Which Joe gave his name to ‘sloppy joes’? We look at five interesting sandwiches and their lexical origins.
‘Let's go’; (also) ‘come now’, ‘there you are’ (used by way of encouragement, or as a general expression of acceptance, resignation, etc.).
Mid 17th century; earliest use found in George Tooke (1595–1675), army officer and writer. From French allons, 1st person plural imperative of aller to go from post-classical Latin alare, ultimately a variant (with loss of the unstressed medial -u- and subsequent assimilation of consonants, although the exact phonological history is unclear) of classical Latin ambulāre to walk. See further Französisches etymol. Wörterbuch XXIV. at ambulare.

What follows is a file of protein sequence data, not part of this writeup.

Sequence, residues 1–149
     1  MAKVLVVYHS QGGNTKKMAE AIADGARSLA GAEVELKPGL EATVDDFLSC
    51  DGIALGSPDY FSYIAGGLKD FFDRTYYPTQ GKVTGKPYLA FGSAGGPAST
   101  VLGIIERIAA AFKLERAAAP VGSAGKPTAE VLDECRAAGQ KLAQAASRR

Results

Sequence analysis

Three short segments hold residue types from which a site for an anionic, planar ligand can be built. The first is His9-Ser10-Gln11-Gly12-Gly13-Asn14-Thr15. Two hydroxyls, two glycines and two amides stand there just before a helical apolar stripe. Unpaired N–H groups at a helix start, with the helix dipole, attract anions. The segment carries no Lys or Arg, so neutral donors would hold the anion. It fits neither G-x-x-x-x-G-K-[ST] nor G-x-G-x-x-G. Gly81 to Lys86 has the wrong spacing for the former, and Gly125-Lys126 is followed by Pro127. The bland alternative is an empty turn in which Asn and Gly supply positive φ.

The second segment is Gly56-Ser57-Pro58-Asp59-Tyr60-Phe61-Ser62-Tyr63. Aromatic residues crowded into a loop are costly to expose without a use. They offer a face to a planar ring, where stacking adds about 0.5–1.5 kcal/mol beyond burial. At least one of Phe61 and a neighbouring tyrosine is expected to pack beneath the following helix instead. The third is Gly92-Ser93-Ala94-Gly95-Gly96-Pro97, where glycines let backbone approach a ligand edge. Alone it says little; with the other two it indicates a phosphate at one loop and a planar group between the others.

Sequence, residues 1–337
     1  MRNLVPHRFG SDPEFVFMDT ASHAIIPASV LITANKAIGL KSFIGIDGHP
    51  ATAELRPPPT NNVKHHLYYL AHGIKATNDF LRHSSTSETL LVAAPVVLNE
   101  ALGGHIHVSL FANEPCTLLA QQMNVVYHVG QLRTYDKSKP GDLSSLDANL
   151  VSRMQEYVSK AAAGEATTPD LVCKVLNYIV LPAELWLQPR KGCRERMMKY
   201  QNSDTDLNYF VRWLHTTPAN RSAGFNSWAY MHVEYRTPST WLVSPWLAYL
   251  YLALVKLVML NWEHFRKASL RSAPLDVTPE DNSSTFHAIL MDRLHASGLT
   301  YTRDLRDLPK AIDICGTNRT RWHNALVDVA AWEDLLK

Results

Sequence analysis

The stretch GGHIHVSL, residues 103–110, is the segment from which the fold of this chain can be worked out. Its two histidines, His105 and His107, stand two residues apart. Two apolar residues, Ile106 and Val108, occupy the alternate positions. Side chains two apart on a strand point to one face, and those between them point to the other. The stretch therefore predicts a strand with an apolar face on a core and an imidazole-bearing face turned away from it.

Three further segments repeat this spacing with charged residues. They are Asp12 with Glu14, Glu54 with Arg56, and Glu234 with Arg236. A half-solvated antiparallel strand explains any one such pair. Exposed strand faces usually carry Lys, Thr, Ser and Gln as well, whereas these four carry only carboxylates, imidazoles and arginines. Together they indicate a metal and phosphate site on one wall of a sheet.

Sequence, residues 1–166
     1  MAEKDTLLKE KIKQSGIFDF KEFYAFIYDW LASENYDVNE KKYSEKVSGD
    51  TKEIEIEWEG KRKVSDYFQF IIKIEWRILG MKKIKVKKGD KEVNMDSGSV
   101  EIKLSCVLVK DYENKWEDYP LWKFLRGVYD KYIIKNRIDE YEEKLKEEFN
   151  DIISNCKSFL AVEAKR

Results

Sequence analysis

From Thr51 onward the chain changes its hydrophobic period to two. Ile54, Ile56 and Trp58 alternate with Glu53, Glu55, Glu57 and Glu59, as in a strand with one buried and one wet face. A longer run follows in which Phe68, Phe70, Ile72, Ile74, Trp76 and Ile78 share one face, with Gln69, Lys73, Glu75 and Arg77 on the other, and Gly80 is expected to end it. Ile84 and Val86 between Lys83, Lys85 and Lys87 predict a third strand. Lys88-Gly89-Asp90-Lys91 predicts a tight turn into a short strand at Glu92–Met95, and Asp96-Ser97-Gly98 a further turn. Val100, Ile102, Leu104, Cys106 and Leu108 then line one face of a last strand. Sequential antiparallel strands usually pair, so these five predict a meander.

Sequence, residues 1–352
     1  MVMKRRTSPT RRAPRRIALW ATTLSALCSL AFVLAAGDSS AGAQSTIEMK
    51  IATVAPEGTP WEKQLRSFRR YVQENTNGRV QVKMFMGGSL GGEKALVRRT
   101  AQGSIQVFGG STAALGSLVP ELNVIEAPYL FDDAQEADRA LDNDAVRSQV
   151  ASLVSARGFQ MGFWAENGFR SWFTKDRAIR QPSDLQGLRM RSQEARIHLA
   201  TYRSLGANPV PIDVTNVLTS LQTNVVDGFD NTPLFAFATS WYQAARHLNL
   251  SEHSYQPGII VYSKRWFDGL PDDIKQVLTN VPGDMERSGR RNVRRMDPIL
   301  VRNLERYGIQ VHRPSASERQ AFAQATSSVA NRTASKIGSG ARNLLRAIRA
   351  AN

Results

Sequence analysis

We take a look at several popular, though confusing, punctuation marks.
From Afghanistan to Zimbabwe, discover surprising and intriguing language facts from around the globe.
The definitions of ‘buddy’ and ‘bro’ in the OED have recently been revised. We explore their history and increase in popularity.